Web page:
Yeah. She finds a side room where she actually finds the girls singing the song. Now it’s not like just some ephemeral voice or anything. It’s a group of seven girls singing
Stephen: And she’s really, now she’s gone off the deep end ’cause she’s almost accepting of it. It doesn’t shock her, surprise her and she doesn’t just like, oh my God, what are you doing here?
Stand up. What? She just kinda watches stuff and very much acceptance going on.
Rhys: I think it was the officer price thing that finally did it for her. Yeah. Because she had a conversation with this thing that was there. It was talking to her. As she, as the girls are singing there’s a, there’s the two-way mirror.
You can see them reflected in there and then the girls all turn and they all have bags on their faces that are bloody, except the girls in the
Stephen: mirror are normal. Yeah. I love that scene. Yeah, that was a great effect.
Rhys: Then the door slams. A door slams and she turns to look and then turns back and the girls are all gone.
Now there’s clanking noises. She just flat out pulls the gun out. She’s not pretending anymore. The evidence room is trashed and John PA’s clothes are all laid out on the floor. And I noticed that his boots weren’t there, which is why I was like, oh, there’s the boots that the homeless guy was wearing.
Stephen: Good catch, good call.
Rhys: She calls Cohen, she goes up to the front and she calls Cohen and she’s on her last nerve. He’s like, why are you calling me? And she’s I’m seeing things. I don’t know if I can stay. And he is basically put up or shut up. Either you’re gonna stick around and finish your shift or you’re gonna quit.
She says she’ll stay. I bet he regrets that attitude at the end of this movie.
Stephen: Yes. As long as you don’t argue that he’s a part of everything. When we get there,
Rhys: I’ll talk about that actually. Okay. She checks into the hazmat team. They say they won’t be there anytime soon. Of course, she says she’s gonna wait in her squad car.
Stephen: Yeah. Which I’m like, that’s a great idea. Yeah. You just have to be on the grounds and I’m thinking, why are you going to come back in? Because I know you’re gonna come back in because a movie’s not over.
Rhys: And she’s halfway to her squad car when the phone rings and she comes running back to answer it, and it’s Monica again.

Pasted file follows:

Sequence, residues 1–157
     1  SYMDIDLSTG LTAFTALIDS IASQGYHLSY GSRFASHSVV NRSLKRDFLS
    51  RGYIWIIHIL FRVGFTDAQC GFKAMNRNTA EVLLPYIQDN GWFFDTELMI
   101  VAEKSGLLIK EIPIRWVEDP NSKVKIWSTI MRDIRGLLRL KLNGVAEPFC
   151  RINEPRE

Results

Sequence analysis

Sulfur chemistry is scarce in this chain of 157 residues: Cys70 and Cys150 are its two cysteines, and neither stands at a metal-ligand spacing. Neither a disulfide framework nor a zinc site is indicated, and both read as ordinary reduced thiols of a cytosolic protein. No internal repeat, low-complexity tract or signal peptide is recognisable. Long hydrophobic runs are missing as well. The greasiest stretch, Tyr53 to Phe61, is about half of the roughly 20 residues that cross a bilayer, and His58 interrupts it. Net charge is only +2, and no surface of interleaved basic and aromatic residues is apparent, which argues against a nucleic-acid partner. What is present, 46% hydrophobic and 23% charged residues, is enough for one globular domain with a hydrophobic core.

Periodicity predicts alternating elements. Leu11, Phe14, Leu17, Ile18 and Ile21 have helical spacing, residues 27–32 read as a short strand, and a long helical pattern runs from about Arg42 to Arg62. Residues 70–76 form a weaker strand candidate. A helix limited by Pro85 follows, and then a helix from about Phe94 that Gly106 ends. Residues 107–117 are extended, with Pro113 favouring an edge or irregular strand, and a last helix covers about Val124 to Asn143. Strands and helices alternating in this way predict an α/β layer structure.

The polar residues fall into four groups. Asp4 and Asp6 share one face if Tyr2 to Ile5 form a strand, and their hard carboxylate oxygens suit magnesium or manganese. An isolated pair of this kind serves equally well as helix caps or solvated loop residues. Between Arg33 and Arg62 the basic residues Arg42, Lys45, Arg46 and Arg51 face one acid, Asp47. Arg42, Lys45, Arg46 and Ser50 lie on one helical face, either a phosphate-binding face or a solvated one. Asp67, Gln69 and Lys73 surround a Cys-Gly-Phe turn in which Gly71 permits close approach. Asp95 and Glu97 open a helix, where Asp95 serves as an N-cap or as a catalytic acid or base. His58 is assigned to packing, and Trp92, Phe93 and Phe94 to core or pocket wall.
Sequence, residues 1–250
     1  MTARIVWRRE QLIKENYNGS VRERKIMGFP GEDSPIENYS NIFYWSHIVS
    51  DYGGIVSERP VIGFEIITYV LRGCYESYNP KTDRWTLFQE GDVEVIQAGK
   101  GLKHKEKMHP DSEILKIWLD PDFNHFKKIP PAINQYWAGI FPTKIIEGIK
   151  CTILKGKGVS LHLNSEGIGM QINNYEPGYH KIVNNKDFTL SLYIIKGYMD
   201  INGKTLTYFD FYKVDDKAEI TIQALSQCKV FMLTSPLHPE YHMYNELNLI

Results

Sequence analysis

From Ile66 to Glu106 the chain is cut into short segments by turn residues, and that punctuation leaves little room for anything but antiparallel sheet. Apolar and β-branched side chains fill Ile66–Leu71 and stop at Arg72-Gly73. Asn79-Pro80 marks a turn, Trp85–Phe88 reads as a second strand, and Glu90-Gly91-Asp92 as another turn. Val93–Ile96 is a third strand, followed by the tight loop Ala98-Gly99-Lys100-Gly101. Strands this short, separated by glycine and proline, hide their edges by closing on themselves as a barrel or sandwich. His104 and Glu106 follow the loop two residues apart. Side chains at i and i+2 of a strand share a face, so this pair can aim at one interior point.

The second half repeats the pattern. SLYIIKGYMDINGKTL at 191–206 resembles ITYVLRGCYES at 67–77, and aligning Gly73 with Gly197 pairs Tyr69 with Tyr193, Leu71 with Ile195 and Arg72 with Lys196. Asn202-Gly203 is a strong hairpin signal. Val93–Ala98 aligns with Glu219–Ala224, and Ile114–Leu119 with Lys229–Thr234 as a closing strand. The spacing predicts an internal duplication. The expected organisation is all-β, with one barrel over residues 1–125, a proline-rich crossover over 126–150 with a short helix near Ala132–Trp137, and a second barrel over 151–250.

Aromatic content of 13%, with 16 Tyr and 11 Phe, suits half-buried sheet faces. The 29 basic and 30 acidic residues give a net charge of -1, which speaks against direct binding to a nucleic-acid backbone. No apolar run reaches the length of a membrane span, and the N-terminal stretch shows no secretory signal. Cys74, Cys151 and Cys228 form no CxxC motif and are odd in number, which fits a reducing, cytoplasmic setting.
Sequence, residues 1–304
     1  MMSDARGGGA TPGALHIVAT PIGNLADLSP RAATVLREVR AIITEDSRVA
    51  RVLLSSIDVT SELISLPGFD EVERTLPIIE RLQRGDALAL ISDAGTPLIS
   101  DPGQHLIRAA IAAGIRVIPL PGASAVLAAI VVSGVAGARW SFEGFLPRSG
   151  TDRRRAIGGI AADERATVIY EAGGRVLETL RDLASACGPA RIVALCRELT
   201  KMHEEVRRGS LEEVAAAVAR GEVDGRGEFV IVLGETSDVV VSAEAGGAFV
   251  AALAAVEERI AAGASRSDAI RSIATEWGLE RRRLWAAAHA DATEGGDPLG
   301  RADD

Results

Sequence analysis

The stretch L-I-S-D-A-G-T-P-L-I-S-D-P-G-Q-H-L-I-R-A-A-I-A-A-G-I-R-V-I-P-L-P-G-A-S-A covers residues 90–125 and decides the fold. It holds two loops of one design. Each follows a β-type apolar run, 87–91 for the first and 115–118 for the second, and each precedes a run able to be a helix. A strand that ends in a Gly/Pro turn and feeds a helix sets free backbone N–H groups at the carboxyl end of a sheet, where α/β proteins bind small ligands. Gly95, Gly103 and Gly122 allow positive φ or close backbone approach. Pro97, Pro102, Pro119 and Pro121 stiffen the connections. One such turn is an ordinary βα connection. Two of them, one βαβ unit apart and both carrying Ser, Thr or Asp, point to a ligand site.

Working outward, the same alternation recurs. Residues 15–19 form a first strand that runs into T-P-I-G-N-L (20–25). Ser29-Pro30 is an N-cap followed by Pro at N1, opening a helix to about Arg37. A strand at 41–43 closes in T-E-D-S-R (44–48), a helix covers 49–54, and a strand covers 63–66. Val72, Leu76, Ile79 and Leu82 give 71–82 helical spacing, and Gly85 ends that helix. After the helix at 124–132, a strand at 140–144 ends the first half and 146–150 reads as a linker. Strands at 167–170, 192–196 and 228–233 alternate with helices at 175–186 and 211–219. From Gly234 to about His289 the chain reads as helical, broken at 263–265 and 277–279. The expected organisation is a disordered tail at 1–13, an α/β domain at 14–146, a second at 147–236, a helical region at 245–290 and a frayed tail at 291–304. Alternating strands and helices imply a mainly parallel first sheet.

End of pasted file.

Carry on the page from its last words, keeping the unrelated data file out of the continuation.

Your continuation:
Stephen: Which again shows her dedication to the job that she wants to do a good job. She’s so conflicted and torn because they don’t teach you how to deal with supernatural beings from the underworld in cop school, yeah, that’s often. Yeah. Again, it’s not said and it’s not flat out in front of you, but she’s she’s scared, she wants outta there, but she’s, this is my job.
I gotta do it. And just by her coming back in shows that, yeah.
Rhys: And she does come in and it’s Monica, she’s escaped, she’s at Carmichael Road. Jess is calling dispatch on her cell phone. And the girl says they’re right next to her and the line drops again. She gets ahold of someone at the new station and they’re like, her name’s Monica Young.
And the guy’s she can’t be Monica Young. She was one of the girls who died at. The Paman Slaughter last year, and he suggests she’s being pranked. And when he said that, I’m like, oh my gosh. And this is where they lay the seed that is the whole red herring at the end where, oh, there was more in the family and this is the one year anniversary.
And so maybe they’re purposely fucking with you.
Rhys: But then the cop goes on to say, or you know what? After they killed themselves, things started to get weird, and they would get weirder over time the longer we were here. And that’s why we got a brand new building.
Stephen: Yeah. Nobody wants to admit it, yeah. It’s a cop thing.
Rhys: And that explains why Cohen was acting so weird at the start. Yeah, because the as the haunting is built up over the course of the year, it really gets in your head.
Stephen: Yeah. And that’s why he’s freaking out the first character and the way he acted. I definitely agree.
But it makes you think, is he part of causing this? Is it he calling these this demon back? Is he somehow part of the whole thing was his mother’s name
Stephen: now? I’m gonna have to look that up.
Rhys: She turns away and there’s a crime si crime scene photograph of her dead father lying on the floor. She goes over and picks it up and the hallway out there is littered with these crime scene shots and she’s looking at them and the last one she looks at is officer Price lying dead.
And then when she looks back, the hallway is entirely lined and they’re all in a perfect order. Yeah. Not the kind of thing someone could do quickly. This took time. There’s this radio squelch on her shoulder, radio, a bunch of overlapping voices. The lights flicker and then all the photographs catch fire.
She doesn’t try and put the fire out?
Stephen: No. She’s let it burn. Yeah, that’s what I was thinking. Let this whole place burn down.
Rhys: But she seems to have passed out ’cause she opens her eyes. She’s awake on the
Stephen: floor now. It, I’m very overwhelmed at this point. That’s her whole thing.
Rhys: Her cell phone’s going off. That’s what woke her up. It’s her mom apologizing for arguing with her earlier. Your mom always calls the most convenient time. It’s then that she realizes she doesn’t have her Batman utility belt on her anymore. Yes. And that’s bad. Yeah. She gets up and heads down the hall and someone in a side room just cracks her on the back of the head with a baton, drags her down the hall into interrogating and sits her in a seat.